Male sharks sometimes bite the females hard on their lateral posterior before they mate. It is no surprise then that the females of some species of shark have skin twice as thick as the males. The nasty looking "love bites" usually heal quickly and completely.

Description of Mating Sharks

Sharks have only been observed mating a handful of times. At first it was though they copulated stomach to stomach, but in 1959 a scientist watched a pair of lemon sharks mating side by side, moving in synch, as if they were a "single monster with two heads." Until recently most of what was known about shark reproduction was based on chance encounters at sea or reports by fishing guides.

Describing a pair of nurse shark mating off the Florida Keys, Harold L. Pratt Jr. and Jeffrey Carrier wrote in National Geographic, "To subdue his partner, the male must seize the females' pectoral fin, flip her, and carry her from the shallows to deeper water...Suddenly a spray of seawater erupts from the surface — it's the male shark lunging for a female's fin — and a tail slaps the water with a percussive boom." [Source: Harold L. Pratt Jr. and Jeffrey Carrier, National Geographic, May 1995]

Shark male reproductive system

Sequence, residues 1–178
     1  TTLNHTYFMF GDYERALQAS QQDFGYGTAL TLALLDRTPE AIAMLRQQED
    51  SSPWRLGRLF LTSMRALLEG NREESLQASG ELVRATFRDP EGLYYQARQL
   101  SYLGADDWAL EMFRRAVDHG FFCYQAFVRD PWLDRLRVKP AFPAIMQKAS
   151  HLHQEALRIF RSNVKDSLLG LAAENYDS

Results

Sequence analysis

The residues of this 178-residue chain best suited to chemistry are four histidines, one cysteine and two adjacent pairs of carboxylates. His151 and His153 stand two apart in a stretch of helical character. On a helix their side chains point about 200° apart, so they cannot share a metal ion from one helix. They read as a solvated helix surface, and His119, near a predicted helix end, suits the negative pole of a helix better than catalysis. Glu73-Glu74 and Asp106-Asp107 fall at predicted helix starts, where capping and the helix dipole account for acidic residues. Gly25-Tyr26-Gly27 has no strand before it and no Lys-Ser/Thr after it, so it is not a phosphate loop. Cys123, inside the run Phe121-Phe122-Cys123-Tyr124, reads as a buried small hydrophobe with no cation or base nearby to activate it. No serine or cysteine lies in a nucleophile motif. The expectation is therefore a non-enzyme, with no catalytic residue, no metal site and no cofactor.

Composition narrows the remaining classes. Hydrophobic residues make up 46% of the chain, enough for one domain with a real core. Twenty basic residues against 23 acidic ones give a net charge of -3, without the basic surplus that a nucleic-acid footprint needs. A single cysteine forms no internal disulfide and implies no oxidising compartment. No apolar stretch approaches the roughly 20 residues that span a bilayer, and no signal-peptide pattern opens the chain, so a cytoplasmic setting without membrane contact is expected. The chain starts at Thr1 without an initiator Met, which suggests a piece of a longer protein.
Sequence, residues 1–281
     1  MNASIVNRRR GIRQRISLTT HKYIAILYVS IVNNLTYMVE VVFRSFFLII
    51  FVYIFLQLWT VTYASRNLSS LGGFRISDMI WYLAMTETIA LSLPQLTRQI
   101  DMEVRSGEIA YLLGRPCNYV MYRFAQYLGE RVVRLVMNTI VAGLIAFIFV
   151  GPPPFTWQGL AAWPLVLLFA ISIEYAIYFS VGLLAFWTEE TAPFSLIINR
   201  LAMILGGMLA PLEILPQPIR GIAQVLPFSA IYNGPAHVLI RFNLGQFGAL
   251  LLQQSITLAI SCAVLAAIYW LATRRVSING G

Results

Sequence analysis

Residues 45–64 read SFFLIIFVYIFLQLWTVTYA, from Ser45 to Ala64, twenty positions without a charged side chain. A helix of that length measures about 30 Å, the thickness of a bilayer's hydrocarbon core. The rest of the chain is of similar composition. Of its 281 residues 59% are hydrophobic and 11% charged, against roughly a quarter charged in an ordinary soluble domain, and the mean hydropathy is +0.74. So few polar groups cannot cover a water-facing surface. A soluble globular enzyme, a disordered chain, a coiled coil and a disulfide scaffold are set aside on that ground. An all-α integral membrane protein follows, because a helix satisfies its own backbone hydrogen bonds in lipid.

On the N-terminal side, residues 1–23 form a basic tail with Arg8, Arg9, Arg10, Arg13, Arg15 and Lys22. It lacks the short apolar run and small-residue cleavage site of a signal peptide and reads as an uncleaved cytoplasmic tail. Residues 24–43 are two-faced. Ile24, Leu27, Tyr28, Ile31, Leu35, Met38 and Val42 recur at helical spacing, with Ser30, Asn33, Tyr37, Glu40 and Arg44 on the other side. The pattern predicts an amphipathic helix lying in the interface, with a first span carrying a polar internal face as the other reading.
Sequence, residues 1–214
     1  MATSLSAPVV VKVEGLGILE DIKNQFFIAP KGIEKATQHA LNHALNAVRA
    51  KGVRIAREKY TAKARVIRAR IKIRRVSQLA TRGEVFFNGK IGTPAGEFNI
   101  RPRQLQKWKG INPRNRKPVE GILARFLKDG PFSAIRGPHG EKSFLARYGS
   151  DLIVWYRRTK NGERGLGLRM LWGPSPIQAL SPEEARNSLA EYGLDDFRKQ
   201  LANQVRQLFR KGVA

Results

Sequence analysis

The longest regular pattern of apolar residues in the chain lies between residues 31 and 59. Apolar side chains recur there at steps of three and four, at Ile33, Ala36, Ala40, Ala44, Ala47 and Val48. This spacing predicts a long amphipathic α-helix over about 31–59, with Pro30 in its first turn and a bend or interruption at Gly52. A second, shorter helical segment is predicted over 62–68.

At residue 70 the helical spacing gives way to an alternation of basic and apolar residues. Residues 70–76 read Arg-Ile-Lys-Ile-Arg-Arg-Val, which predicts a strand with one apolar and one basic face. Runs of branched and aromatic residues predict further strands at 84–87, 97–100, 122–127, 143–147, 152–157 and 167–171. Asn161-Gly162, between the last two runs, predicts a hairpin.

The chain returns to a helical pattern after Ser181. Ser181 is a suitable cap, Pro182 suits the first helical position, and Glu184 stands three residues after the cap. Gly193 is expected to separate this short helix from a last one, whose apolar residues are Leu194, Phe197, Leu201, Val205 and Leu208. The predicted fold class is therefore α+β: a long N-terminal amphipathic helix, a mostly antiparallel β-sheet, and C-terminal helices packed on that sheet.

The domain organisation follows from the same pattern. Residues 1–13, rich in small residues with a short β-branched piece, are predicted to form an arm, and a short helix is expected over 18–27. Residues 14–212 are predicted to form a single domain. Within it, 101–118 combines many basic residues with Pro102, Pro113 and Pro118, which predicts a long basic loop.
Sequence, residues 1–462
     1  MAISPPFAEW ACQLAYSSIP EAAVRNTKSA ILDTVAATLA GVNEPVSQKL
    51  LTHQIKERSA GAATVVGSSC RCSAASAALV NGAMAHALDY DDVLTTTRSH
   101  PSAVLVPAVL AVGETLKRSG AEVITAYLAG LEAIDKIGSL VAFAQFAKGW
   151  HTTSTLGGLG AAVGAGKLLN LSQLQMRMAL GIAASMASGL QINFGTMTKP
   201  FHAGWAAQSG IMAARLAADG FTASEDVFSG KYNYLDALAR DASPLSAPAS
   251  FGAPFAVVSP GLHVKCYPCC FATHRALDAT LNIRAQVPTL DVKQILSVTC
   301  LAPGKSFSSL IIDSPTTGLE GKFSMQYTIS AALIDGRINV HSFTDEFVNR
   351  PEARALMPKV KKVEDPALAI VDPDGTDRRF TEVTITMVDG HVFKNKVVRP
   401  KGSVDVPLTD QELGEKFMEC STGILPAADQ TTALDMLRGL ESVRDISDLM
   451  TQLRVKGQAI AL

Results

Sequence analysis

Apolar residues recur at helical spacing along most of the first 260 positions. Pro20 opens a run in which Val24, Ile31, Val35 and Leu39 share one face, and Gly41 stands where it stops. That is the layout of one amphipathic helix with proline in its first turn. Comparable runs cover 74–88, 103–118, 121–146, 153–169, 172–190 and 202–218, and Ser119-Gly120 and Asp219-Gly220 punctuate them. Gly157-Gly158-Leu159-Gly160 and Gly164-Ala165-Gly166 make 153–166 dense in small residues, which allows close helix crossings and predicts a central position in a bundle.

"Amid a swirl of fins we watched as the male struggled to arch his body over the female... Often one of his penis-like claspers poked out of the water, pointing skyward." The male then got a tight grip on female's fin and aligns his body with hers. "Thus anchored he can roll the female over, flick his tail underneath her to brace himself, and insert the clasper. Successful copulation lasts between one and two minutes."

"Afterwards, the male collapsed on the sea bottom. This evident fatigue may result from the fact that the male is deprived of oxygen the whole time he has his jaws clamped onto the female's fin. After days of mating, the female swims away with a chewed up pectoral fin." Less than 10 percent of attempts to mate by nurse sharks end in success.

Female Sharks Capable of Virgin Birth

The first recorded case of a female shark reproducing without a male was documented with a bonehead hammerhead shark at the Henry Doorly Zoo In Omaha in December 2001. The birth took place through parthenogenesis — asexual reproduction of an unfertilized egg — and is believed to have been prompted by a lack of males. During parthenogenesis — which sometimes occurs in bony fish but had never been seen in a shark before — the female eggs divides into two cells, which then fuse together and set off the development of embryos. The resulting offspring are genetically identical to the original egg.

Female sharks can fertilize their own eggs and give birth without sperm from males, according to a study on the asexual reproduction of the hammerhead at the Henry Dooly Zoo described above. The joint Northern Ireland-U.S. research, published in the Royal Society's peer-reviewed Biology Letter journal, analyzed the DNA of the shark born in 2001.The shark was born in a tank with three potential mothers, none of whom had contact with a male hammerhead for at least three years. Associated Press reported: Analysis of the baby shark's DNA found no trace of any chromosomal contribution from a male partner. Shark experts said this was the first confirmed case in a shark of parthenogenesis, which is derived from Greek and means "virgin birth." [Source: Shawn Pogatchnik, Associated Press, May 23, 2007]